The Internet Didn’t Kill The Class…



Since my J.O.B. involves working in academic environments, I’m naturally attuned to anything going on in that arena. Techdirt reported today on a new Slashdot article about how professors want to pull the internet plug in classrooms.

This is not new news, at least in my academic world. Some professors, for a long time, have lamented the addition of wireless connections in the classroom that allow students to surf while they are in class. And in computerized classrooms, where a computer sits on every desk, it is an ongoing issue with many instructors.

Of course, there are some instructor-controlled solutions out there for computerized classrooms. There are several products from Altiris to help an instructor control access in the classroom. We use a program from Netsupport that allows an instructor to give or take away internet access on student PC’s, as well as sharing slide presentations, websites, etc. It also includes a function to turn on or off the equipment, which is a pretty impressive tool to watch in action. Then there’s an even more mundane solution: classroom furniture that raises and lowers computer monitors/keyboards at the instructor’s discretion.

All of these are tools that work, and are being used, in classrooms all over the country. But I have to wonder, as Techdirt does, why the underlying problem is not being addressed and solved. The underlying problem is not access to the internet. The underlying problem lies in the instructional methodologies professors use, and how those methodologies aren’t capturing the attention of their audiences.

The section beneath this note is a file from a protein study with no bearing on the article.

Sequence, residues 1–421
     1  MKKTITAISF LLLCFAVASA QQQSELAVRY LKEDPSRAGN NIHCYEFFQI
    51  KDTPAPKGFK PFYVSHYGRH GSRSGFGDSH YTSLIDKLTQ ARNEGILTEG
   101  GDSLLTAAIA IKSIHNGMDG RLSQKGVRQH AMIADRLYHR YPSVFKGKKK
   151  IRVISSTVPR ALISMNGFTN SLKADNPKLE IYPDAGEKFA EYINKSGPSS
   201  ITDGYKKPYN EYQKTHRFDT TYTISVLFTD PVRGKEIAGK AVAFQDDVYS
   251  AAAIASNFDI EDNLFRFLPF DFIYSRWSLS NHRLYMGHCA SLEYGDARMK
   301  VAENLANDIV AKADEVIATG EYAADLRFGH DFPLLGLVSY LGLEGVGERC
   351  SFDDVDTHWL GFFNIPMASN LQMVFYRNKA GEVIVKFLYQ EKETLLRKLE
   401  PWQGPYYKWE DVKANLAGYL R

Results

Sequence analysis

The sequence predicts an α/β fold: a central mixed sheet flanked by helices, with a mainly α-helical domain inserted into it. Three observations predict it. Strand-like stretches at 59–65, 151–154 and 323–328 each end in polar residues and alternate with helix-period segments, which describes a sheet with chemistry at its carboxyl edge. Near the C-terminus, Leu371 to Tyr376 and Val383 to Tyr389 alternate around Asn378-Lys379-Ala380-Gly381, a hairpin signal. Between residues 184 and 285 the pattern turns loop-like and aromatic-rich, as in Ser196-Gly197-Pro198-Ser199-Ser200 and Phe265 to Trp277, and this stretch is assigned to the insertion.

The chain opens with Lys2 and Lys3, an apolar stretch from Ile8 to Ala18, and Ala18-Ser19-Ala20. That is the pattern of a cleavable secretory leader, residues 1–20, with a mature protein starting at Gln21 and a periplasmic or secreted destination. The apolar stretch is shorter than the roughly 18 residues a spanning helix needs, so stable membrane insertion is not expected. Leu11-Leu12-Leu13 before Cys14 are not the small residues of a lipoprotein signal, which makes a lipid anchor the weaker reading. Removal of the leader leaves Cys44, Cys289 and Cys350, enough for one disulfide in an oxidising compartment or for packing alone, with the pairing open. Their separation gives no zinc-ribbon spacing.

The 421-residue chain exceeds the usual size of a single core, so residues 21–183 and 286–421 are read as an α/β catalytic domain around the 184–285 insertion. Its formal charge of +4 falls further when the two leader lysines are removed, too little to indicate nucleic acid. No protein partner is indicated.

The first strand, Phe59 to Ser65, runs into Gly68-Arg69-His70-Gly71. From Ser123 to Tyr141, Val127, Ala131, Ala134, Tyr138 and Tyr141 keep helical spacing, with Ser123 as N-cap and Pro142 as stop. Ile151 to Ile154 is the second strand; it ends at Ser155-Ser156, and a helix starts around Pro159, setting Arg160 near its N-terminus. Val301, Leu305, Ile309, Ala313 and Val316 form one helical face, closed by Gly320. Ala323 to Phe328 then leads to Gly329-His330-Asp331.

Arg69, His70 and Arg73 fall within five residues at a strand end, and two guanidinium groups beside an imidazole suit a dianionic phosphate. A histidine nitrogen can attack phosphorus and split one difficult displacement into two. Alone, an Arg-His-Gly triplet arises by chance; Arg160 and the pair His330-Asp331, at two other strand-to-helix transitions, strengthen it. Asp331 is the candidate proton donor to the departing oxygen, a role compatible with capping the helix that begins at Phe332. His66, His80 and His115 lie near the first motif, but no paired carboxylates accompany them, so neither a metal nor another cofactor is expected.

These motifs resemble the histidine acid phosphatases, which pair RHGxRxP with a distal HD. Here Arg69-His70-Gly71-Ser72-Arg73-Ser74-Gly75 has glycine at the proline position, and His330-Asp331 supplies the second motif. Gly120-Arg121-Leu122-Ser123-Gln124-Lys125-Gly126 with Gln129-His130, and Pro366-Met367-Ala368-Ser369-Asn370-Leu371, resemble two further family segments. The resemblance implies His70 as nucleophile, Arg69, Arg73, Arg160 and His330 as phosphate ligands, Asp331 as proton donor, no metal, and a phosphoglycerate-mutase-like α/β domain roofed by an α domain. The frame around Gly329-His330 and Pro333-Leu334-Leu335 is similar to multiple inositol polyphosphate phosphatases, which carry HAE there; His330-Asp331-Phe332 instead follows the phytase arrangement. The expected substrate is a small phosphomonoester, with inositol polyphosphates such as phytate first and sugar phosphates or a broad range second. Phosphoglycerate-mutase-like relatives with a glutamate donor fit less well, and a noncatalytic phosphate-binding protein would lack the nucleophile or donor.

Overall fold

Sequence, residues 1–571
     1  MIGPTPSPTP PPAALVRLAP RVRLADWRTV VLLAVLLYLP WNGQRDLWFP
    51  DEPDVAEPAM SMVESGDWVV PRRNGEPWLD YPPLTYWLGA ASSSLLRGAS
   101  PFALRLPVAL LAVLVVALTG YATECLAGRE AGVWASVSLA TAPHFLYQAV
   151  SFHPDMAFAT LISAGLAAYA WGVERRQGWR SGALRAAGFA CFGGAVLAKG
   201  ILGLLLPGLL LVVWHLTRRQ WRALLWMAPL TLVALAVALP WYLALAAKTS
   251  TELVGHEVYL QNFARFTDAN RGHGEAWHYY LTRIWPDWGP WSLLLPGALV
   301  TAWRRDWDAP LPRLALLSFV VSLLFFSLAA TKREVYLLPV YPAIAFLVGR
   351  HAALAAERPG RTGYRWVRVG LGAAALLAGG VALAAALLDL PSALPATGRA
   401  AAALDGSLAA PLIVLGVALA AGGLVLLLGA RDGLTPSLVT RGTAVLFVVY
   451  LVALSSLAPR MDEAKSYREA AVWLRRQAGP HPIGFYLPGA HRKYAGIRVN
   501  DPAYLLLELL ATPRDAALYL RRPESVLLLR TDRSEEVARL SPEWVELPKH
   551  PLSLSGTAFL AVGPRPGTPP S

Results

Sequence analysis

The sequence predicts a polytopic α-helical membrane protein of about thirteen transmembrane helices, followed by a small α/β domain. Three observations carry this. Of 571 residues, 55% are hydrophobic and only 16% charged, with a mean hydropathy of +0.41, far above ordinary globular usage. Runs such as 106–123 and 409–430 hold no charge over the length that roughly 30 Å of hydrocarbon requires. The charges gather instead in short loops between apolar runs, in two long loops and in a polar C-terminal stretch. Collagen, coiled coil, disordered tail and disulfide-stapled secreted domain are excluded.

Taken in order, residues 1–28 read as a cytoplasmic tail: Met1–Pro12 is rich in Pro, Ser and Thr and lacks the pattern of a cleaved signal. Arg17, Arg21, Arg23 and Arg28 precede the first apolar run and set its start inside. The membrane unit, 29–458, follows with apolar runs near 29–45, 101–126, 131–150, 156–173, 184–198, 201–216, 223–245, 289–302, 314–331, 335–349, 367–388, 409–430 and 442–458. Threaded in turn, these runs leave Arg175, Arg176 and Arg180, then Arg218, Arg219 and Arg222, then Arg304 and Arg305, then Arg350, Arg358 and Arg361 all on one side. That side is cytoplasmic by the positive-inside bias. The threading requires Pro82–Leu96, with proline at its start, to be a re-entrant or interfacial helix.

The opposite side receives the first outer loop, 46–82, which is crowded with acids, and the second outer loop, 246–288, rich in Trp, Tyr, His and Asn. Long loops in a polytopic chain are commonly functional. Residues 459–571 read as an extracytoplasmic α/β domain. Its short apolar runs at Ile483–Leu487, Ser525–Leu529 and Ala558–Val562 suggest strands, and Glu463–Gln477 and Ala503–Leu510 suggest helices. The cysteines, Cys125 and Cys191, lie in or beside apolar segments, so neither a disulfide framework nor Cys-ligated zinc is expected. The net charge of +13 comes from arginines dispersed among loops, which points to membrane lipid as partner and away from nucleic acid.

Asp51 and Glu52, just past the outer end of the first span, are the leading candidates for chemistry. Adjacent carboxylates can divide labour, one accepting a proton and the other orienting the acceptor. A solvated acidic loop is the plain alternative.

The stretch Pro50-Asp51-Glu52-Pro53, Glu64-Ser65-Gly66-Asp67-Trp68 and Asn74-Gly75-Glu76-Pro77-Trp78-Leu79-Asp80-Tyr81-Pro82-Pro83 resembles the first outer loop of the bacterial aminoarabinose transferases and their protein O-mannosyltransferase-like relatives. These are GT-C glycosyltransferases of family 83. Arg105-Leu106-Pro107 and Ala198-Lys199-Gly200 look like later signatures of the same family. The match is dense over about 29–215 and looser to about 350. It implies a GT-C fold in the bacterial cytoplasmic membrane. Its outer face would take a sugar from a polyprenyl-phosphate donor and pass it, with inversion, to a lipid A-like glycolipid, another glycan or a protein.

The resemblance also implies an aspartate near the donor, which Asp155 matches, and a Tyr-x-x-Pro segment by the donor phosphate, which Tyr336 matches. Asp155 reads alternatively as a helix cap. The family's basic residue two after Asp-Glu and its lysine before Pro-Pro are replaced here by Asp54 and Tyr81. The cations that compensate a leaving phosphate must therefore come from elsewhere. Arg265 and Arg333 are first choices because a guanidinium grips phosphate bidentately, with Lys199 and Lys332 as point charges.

I don’t know about anyone else, but in school, when my professors were boring, I amused myself by doodling, writing letters, or editing one of my novels. I took random notes, tried to look like I was paying attention, and managed to get through most of these “boring” classes with A’s and B’s anyway. If there’d been internet, I might have been using that tool to keep me entertained, as well.

I think instructors who worry that freely-offered internet access in the classroom will disrupt their instruction should perhaps change their instructional methodology. And let us not forget that the student is ultimately responsible for how they learn or not learn what is being taught in the classroom, as well. These are adults, after all, and they are free to make their choices, whatever they are.

The Internet, wireless access, computers in the classroom, etc., are just tools. How students use them in the classroom is up to them, and they will ultimately pay the consequences for the choices they make. Don’t blame the technology. The Internet didn’t kill the class; the complacency of the Professors and apathy of the students did.